Wednesday, April 17, 2013


As an educator, I approach teaching as a spiritual endeavor. The challenge is to make subject matter, and in my case literature, relevant to the lives of students so they can connect with characters’ conflicts and plights in order to gain a better understanding of themselves, others, and the world in which they live. I rely on Spirit to guide me and to present teachable moments that students never forget. Sometimes extreme measures have to be taken to get the point across.

We had been reading and analyzing The Crucible by Arthur Miller, a dramatization of the Salem Witch Trials that occurred in Massachusetts in 1692 and 1693. Miller wrote it as an allegory of McCarthyism when the U.S. Government blacklisted accused communists. In the 1940s and 1950s Americans feared the encroachment of Communism. With the Soviet Union growing in power, Americans feared a nuclear holocaust. Eastern Europe was in bed with Communist satellite nations. With China added to the mix, Americans felt surrounded by a Communist threat. Paranoia ensued. During this time, Joseph McCarthy, a U.S. Senator, claimed that more than 200 "card carrying" members of the Communist party had infiltrated the United States government. It became a witch hunt. Rumors spread uncontrollably.

As my students and I discussed the topic of the power of rumors, I felt that familiar inner prompting to test the velocity at which rumors spread. Without hesitation I said, “What if we start our own rumor? Mwah ha ha...” My students immediately perked up. We decided to start a friendly rumor, with the permission of another willing teacher, who happened to be out of school for three days at a conference. I called the teacher from the phone in my classroom to let him know the plan to which he wholeheartedly agreed. We agreed to start the rumor that he had won $2.5 million. My students were to record their observations and then complete a written assignment about what they learned. When class ended, the rumor mill began. Before my next class ended, my phone rang. “Is it true? Did Gerald* win the lottery?” Trying not to laugh, I said, “I don’t know. But I heard he did. I’ll talk to him later today.”

Later that day in the hallway, whenever I saw my students from first period, they couldn’t wait to report what was happening. “Ms. McDaniel, so far Mr. Johnson* has won $25 million, and and and...he bought the apartment complex where he lives and kicked everyone out so he can turn it into a mansion for himself!” Corey said. Oh, jeez. This was really getting out of hand. When I saw the superintendent and the principal in the hallway, walking past Mr. Johnson’s room, wondering if the reason he wasn’t in school was because he won the lottery, I knew I had to fess up. And I did. Surprisingly, I didn’t get reprimanded. Instead, I was told, “Great lesson for everyone in this building to learn. Good job. Just let us know ahead of time the next time you do a lesson like this.”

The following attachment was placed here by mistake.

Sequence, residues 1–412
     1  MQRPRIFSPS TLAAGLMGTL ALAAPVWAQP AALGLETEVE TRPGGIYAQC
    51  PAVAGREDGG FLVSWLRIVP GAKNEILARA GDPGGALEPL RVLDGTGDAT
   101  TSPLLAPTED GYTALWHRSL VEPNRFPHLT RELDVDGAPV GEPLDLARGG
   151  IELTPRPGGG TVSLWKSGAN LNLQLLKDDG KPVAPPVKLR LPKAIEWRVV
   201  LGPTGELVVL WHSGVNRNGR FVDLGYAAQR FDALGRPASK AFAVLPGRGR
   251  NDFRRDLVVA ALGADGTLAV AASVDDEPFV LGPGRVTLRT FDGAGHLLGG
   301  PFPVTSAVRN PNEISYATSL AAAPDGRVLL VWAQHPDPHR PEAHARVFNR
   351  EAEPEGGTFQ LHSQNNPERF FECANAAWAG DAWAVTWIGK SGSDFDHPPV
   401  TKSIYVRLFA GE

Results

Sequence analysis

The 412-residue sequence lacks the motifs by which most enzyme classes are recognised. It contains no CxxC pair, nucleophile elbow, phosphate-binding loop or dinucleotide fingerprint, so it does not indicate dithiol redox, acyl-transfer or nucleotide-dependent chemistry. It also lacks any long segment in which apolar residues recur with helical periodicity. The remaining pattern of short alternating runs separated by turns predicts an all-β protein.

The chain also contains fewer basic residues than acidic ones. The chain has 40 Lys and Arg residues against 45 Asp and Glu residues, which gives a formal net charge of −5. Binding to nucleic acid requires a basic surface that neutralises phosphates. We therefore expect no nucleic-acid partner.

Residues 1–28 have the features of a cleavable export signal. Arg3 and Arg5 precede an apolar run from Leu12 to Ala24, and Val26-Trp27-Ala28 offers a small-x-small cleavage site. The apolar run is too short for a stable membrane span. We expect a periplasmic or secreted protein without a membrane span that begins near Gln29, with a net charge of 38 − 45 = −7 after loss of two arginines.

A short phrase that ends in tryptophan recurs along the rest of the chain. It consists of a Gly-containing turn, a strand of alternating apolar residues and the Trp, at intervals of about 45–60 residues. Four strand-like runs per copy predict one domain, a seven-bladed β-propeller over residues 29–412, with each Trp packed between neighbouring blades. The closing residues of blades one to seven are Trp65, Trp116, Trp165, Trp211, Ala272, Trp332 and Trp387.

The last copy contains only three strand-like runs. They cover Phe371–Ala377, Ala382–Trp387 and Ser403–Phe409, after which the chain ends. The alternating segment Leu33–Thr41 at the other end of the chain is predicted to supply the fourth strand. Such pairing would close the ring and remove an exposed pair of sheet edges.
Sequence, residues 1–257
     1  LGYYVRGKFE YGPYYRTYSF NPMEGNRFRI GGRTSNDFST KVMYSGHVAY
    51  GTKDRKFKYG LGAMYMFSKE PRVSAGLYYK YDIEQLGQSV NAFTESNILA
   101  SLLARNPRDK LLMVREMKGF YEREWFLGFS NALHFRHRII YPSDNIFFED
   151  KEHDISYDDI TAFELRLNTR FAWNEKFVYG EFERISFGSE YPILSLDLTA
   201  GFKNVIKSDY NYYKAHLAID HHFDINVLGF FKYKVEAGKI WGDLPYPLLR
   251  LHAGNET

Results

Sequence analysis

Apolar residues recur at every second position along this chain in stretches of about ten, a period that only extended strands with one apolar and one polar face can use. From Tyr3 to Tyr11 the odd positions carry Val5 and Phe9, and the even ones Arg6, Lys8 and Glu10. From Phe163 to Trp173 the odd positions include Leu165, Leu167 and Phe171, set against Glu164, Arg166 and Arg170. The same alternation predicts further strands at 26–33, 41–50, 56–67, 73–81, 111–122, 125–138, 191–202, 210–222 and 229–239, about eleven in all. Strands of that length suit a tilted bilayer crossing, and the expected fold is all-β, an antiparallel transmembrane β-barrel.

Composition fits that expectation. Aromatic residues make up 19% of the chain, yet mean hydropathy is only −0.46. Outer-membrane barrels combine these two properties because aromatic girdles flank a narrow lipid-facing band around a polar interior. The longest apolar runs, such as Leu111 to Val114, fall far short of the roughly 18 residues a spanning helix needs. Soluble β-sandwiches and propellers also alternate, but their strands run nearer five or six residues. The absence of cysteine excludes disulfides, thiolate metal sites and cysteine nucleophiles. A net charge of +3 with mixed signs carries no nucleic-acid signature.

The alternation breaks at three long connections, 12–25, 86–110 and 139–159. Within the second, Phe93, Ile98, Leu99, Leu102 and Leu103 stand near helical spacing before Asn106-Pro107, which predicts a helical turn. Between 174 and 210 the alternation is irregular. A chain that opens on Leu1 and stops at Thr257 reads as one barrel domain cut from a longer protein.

While this rumor didn’t hurt anyone, it was a big risk to prove the power and speed at which rumors move. Students are no strangers to rumor and gossip; they deal with it on a daily basis, and they know the damage that can be done. In their written responses and in our follow-up discussion, my students realized that while rumors can’t always be avoided, they can take positive steps when rumors happen. Below are tips for rumor control, as suggested by my students:

A. When a rumor is circulating about you, respond quickly and directly. Confront it head-on. Saying “no comment” only adds fuel to the fire. If the rumor is about someone else, don’t perpetuate the rumor by gossiping about it. Instead, challenge those spreading the rumor to stop.

B. Use evidence. Present the facts. Rumors will dissolve fairly quickly, providing that the rumor is untrue. If the rumor is true, you may have to own up to it. One student commented, “A rumor started about me once. I told everyone, ‘Yeah, I did it. So what? Get over it.’ They left me alone after that.”

C. Educate others and begin changing the culture of a particular environment like work or school. Be a positive role model by treating others with honesty, respect, and dignity. Such behavior may encourage others to do the same. Some of my students went on to create and implement a school-wide campaign to combat rumors and bullying, and they developed events and activities that promoted team-building and new friendships. Students love being connected to a cause.

Rumors cast a harsh spotlight on a person, pushing him or her to feel alone and isolated. Stopping rumors starts with us. But some rumors can be beneficial, especially when it tips you off to something potentially life-threatening or dangerous. Whatever the case, rumors are reminders for us to be the bigger, better person. Rumors offer us the choice to engage in gossip and thereby contribute to the negative energy of the situation, or the choice to do something positive about it and thereby combat and diffuse such negativity. When moments, such as this one, transcend the classroom to teach a life lesson rather than a grammar lesson (not that anything is wrong with grammar!), then I know I did what I was called to do in that moment. By the way, did you hear...

*Names changed to protect the guilty...

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